African Reserves Loans

Sri Lanka closes three foreign missions as economic crisis deepens


Sri Lanka has temporarily closed three diplomatic missions abroad from December 31 in an attempt to save foreign exchange reserves and cut spending, as the country faces crippling debt.

The Sri Lankan High Commission in Abuja, Nigeria, the Sri Lankan Consulate General in Frankfurt, Germany, and the Sri Lankan Consulate General in Nicosia, Cyprus, will be closed from January.

Commenting on the closures, the Foreign Ministry said:

“The restructuring is being undertaken with the aim of retaining the country’s much-needed foreign exchange reserves and minimizing the expense of maintaining Sri Lanka’s missions abroad.”

Sri Lanka plans to process requests from the High Commission in Nigeria, through its High Commission in Nairobi, Kenya and other African countries that have been accredited through the Sri Lankan Mission to Abuja, will be redirected via the Sri Lankan Embassy in Cairo, Egypt, approximately 2,133 miles one way. Functions of the Sri Lankan Consulate in Frankfurt, including the promotion of trade, investment and tourism, will fall under the purview of the Sri Lankan Embassy in Berlin, Germany. Sri Lanka will transfer the responsibilities of the general office of the consulate in Cyprus to the embassy of Sri Lanka in Rome, Italy.

The restructuring comes as Sri Lanka faces a deepening financial crisis led by President Gotabaya Rajapaksa. In the Next 12 months, in the public and private sector, Sri Lanka will have to repay about US $ 7.3 billion in domestic and foreign loans, including a repayment of international sovereign bonds of US $ 500 million in January. However, the foreign exchange reserves were only $ 1.6 billion. The World Bank estimates that 500,000 people have fallen below the poverty line since the start of the pandemic, equivalent to five years of progress in the fight against poverty. Rajapaksa said Sri Lanka was in an economic emergency, the military was given supreme power to ensure that essential items, including rice and sugar, were sold at prices set by the government, although the prices continue to skyrocket as inflation rises.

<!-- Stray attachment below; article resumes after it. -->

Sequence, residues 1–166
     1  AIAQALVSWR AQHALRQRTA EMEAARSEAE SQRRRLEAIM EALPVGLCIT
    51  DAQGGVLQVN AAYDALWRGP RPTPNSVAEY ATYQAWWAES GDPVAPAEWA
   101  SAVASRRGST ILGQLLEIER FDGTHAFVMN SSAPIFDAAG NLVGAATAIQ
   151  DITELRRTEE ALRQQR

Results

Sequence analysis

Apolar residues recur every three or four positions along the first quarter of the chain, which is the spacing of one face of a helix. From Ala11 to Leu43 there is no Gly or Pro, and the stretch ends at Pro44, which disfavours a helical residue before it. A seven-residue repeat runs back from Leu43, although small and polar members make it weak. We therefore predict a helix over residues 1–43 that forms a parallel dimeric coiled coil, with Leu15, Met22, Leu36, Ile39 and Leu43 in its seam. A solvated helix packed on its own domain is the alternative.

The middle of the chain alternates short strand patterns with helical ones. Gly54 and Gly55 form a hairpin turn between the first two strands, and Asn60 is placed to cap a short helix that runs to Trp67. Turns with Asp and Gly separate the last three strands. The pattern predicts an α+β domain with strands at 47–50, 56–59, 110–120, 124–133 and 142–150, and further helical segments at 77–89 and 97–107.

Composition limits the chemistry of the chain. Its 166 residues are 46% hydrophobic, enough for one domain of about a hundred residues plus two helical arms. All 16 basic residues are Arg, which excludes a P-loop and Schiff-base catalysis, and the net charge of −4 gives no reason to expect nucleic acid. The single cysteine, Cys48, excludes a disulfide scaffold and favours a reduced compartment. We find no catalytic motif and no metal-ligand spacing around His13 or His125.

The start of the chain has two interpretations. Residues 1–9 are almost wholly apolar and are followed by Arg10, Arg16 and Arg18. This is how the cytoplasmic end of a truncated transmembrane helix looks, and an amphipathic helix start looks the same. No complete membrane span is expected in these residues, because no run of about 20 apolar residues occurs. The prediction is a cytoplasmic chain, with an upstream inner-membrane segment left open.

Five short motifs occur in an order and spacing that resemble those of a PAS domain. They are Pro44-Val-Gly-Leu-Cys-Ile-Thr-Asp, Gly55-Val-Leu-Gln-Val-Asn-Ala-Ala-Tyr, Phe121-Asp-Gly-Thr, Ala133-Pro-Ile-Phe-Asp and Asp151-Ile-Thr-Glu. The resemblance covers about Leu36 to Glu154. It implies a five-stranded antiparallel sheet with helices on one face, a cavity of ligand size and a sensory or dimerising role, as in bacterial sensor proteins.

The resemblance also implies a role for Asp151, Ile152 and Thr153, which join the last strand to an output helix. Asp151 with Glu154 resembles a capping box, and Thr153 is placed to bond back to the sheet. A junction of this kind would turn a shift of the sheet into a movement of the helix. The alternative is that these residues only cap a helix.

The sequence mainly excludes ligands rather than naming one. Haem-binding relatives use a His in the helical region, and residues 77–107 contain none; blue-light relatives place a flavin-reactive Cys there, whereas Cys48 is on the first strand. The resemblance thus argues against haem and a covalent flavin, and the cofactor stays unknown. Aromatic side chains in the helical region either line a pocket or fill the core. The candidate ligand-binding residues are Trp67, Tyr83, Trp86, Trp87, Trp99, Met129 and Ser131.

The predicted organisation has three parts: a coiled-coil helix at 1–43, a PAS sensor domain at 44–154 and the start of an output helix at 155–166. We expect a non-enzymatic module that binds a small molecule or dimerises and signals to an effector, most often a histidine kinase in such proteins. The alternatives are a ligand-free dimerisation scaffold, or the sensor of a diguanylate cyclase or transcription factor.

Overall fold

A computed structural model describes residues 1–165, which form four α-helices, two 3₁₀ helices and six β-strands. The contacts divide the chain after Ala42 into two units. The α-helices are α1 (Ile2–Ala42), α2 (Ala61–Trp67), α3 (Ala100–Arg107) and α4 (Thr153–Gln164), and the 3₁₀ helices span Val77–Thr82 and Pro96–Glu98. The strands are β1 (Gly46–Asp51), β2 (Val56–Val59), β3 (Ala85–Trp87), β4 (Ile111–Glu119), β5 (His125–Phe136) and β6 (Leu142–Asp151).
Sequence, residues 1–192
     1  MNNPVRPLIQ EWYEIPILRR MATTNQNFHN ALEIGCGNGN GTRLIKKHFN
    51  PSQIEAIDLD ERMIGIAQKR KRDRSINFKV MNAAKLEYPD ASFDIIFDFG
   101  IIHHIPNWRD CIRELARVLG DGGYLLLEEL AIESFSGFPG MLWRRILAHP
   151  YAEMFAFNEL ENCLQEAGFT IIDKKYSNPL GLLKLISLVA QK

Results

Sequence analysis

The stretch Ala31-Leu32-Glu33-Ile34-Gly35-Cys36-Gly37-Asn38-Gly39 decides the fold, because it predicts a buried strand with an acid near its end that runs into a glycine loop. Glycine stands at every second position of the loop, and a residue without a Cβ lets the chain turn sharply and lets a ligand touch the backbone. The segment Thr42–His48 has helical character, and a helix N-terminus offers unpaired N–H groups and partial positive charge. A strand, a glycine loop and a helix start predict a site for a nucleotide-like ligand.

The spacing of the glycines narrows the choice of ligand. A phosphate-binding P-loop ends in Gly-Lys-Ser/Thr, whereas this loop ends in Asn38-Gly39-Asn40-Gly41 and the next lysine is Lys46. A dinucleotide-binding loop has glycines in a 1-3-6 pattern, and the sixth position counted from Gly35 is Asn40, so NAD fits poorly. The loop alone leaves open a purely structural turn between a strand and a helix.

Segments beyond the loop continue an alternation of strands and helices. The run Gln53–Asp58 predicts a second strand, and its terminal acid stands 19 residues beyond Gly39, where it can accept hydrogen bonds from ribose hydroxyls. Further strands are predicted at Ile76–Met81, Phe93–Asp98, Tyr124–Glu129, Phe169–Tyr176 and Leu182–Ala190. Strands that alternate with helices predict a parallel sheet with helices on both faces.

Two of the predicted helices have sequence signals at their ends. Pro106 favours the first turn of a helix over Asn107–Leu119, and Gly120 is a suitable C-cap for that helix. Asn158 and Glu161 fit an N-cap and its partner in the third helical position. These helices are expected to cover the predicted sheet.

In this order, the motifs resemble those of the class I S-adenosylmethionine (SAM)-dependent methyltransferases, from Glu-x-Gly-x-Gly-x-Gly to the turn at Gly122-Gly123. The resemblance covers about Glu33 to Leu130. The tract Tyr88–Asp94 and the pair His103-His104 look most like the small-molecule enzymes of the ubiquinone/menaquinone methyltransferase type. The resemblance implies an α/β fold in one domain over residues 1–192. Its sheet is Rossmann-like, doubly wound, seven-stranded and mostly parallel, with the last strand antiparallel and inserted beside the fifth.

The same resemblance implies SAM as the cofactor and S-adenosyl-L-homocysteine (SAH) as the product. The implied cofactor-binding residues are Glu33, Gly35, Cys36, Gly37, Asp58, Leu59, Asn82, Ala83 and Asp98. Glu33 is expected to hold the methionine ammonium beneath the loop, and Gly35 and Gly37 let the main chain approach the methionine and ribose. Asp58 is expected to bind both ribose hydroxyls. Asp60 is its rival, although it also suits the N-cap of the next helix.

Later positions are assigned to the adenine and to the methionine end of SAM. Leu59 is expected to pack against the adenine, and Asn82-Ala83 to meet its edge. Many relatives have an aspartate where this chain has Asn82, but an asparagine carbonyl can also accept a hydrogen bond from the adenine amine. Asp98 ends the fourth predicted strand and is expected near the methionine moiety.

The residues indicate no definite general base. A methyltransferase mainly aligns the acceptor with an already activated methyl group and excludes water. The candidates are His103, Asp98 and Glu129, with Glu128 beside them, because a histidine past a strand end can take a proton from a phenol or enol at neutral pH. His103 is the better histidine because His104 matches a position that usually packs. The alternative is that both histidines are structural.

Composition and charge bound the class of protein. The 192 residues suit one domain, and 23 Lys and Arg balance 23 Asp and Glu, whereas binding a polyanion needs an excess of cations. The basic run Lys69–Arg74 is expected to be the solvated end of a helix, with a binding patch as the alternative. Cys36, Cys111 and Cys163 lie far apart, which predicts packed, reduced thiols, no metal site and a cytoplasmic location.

The strong militarization of the North East has led to an intrusion into civilian life, affecting the livelihoods of Tamils. Since the end of the armed conflict, investments have been stifled in the Tamil homeland due to rampant militarization.

Last year, TNPF MP Gajendrakumar Ponnambalam stressed that the Rajpakasa government’s development promise to “solve all problems” had failed. Gajendrakumar highlighted the government’s inaction to protect “vulnerable people who have been facing a war situation for 32 years”. This has led to high levels of poverty throughout the region.

Ponnambalam pointed to the height of the livelihood restrictions observed in the Tamil homeland preventing activities such as fishing and agriculture, “about 30 percent of Jaffna district was under military control under the name of high security zone” . “Large areas of land were not -go zones,” he added. “Most of the farmland in the northeast was occupied as unauthorized areas for the population. This is the condition the Tamil people have had to face for over 32 years. ”

Read more on Al jazeera and the Colombo Diary